According to the government’s Official Gazette, the Daylight Dialogue shared how the government’s openness has created a paradigm shift in Philippine governance practices—a shift, from adversarial to a more constructive civil society engagement, to promote open government;Share the Philippines’ experience in initiating and implementing good governance reforms, overcoming challenges along the way; andFoster discussion on how key good governance reforms will be sustained and institutionalized.

World Bank Group President Jim Yong Kim announced a US$119 million funding, which is part of a proposed new Philippine Rural Development Project promising support for farm-to-market roads, bridges, communal irrigation systems, and potable water, including in the conflict affected areas of the Autonomous Region in Muslim Mindanao (ARMM).

Investments to generate at least 6,000 jobs in Mindanao, including the ARMM are also being proposed by IFC, the Bank’s private sector arm.

“Together with the IFC, the World Bank is scaling up support for rural development and job creation in the region, with the Bank providing financial assistance to critical public infrastructure and the IFC promoting private investment in agribusiness,” said Kim. “This project has the potential to be truly transformational for Mindanao and critical to poverty reduction in the Philippines.”

It was announced that Kim and the President met that morning at Malacañang Palace, where they discussed an additional $US 6.6 million in World Bank funding for the Mindanao Trust Fund. That funding helps support livelihoods for over 100,000 people and will support the creation of a development plan for the conflict affected areas.

 “Good governance means delivering public services effectively and efficiently, while being transparent about what you spend and the results you achieve,” Kim said. “Good governance involves choosing wise policies and investments; maintaining public assets; and ensuring that civil servants are skilled, motivated, and have the tools to work effectively. It is about fostering a transparent regulatory environment that will allow the private sector to create growth and jobs.”

According to the United Nations, supporting good governance is an important component of the World Bank Group’s new Philippine’s Country Partnership Strategy, which supports the country’s goal of promoting sustainable growth, reducing poverty and creating jobs. Under this new four year strategy, the World Bank Group plans to provide US$3.2 billion in financing for development to the government and another $1 billion for investments in business and industry from IFC, its private sector arm.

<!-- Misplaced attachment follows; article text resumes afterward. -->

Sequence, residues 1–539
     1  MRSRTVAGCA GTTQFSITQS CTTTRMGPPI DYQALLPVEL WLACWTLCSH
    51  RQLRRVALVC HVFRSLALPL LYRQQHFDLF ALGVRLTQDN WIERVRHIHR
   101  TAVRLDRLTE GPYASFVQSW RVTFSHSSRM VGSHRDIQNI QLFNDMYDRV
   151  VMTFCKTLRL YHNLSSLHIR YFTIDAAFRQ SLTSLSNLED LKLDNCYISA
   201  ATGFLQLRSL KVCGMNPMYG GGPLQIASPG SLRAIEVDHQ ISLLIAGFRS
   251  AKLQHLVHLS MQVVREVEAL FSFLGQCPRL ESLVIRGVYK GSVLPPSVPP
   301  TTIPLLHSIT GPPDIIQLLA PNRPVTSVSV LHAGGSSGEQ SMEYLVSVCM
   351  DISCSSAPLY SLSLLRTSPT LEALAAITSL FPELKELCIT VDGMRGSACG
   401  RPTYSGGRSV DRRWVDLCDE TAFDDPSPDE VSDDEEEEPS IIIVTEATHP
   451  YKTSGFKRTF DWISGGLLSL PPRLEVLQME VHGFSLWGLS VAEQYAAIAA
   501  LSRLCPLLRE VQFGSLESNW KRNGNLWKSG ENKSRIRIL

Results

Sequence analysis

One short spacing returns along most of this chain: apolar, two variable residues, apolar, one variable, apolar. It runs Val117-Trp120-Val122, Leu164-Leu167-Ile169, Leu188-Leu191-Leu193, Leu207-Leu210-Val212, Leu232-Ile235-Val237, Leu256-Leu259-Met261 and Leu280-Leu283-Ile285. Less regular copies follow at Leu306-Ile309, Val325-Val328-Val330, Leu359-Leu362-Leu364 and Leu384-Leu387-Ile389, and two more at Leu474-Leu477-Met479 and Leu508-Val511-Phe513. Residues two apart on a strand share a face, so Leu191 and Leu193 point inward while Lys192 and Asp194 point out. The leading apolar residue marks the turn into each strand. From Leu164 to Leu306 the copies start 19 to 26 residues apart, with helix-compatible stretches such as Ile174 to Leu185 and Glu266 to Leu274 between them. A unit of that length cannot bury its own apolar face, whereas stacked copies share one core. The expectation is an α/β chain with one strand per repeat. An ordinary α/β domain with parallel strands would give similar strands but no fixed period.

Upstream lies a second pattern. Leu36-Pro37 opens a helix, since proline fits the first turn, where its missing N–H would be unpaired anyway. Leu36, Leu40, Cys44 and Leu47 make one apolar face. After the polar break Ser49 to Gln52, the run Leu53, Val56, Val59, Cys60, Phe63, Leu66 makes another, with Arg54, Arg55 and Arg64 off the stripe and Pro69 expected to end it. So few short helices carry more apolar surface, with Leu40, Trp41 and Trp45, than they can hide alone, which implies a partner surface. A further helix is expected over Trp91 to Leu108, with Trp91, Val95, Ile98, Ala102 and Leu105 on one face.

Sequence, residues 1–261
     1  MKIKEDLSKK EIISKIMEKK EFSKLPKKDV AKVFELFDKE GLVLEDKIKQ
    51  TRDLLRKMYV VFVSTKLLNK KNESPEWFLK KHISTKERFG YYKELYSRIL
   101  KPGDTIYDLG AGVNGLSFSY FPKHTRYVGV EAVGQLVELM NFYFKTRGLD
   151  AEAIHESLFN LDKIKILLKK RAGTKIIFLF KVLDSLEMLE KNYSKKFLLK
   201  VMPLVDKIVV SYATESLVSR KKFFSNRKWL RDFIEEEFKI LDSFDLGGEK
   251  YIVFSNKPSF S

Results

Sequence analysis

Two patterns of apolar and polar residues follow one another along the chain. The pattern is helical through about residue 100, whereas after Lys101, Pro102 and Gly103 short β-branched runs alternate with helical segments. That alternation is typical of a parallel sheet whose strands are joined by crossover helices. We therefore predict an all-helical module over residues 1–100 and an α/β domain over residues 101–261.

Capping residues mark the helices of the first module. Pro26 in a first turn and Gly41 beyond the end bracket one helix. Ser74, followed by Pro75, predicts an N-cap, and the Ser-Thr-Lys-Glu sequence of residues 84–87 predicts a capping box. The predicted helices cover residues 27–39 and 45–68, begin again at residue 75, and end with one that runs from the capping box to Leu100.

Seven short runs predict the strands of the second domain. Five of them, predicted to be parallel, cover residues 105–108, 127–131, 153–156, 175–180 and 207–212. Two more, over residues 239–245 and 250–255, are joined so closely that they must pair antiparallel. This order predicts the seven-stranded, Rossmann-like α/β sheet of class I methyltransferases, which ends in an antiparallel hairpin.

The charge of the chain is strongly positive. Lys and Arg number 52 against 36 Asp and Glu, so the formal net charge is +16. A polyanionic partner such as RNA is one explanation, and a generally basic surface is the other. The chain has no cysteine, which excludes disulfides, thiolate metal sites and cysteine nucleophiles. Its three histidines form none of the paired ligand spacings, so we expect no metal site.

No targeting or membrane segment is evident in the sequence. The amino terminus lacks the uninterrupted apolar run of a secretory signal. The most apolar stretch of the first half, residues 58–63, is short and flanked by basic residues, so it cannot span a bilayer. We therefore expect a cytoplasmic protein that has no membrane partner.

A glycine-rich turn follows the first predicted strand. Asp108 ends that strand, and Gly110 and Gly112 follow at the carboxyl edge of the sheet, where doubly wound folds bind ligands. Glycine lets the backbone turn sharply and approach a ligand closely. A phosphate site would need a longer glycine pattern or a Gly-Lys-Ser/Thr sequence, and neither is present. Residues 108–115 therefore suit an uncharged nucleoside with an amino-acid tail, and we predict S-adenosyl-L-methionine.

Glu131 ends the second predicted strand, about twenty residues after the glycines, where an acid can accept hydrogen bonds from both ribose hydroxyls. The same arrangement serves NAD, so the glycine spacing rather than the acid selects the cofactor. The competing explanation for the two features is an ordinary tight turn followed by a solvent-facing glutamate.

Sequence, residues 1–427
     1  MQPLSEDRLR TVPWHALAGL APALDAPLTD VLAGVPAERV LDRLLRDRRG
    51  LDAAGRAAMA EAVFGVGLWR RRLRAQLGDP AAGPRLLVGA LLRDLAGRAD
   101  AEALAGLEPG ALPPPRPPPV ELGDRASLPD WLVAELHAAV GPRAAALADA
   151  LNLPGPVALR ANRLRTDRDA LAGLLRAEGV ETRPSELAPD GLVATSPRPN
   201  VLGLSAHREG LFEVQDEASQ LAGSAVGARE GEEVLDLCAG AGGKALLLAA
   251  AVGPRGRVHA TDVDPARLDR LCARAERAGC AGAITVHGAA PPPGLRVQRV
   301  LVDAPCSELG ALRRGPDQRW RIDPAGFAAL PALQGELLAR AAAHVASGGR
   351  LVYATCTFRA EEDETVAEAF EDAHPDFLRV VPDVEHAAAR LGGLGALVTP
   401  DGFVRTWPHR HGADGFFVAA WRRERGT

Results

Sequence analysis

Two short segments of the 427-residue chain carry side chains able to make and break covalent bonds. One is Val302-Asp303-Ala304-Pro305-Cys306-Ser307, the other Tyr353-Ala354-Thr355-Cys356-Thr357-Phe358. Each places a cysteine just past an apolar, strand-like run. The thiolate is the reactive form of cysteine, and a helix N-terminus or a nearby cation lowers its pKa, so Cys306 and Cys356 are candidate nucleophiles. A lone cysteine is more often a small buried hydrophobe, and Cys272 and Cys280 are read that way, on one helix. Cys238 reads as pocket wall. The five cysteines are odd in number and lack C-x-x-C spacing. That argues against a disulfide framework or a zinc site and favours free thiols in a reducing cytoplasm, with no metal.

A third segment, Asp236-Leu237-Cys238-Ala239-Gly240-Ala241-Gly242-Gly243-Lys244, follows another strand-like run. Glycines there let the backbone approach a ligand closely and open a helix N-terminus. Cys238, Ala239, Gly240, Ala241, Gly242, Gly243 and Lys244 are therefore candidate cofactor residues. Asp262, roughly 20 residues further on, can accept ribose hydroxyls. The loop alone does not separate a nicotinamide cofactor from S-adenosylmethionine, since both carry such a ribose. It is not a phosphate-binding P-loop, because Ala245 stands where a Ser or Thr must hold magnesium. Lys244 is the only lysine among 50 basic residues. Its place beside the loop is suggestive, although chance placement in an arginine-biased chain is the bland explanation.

I wondered why we had to listen to a diatribe against the SC which was badly received by all who heard it when there was good news that would come from Malacanang itself the very next day.

The fighting speech against the SC should not have been given. Instead, the Daylight Dialogue with the World Bank ought to have been given prominence. After all, isn’t the UN’s giving our President fulsome praise for his good governance answer enough for the Supreme Court’s criticism of the President’s Disbursement Acceleration Program (DAP)?

Because this came after the President’s speech against the SC’s condemnation of his DAP, the Malacanang event was generally ignored, although it was proof that the DAP was being used for the good of the country.

Too bad that instead of the “Daylight Dialogue” working for the government and the country, it was virtually ignored. while  all of  the President’s critics concentrated on his harsh words on the Supreme Court and its justices, many of whom were appointed by the President.

In WB President Jim Yong Kim’s speech. he said: It is now well established within the academic literature on institutions and growth that there is a strong and positive correlation between the principles of good governance and a country’s GDP per capita.  As you, President Aquino, have so eloquently noted, “good governance is good economics.”  The precise causal relationships are less well understood, but some recent studies have begun to confirm what many of us have long suspected—that effective institutions (or their absence) have an important impact on economic growth.  There is plenty of evidence that corruption can deter private investment. And studies at the sectoral level have documented the perverse effect that corruption and weak administration can exert on education and health outcomes, or on the quality and selection of infrastructure projects.  Some recent studies from the United States underscore that high levels of corruption are associated with increased inequality, as well.”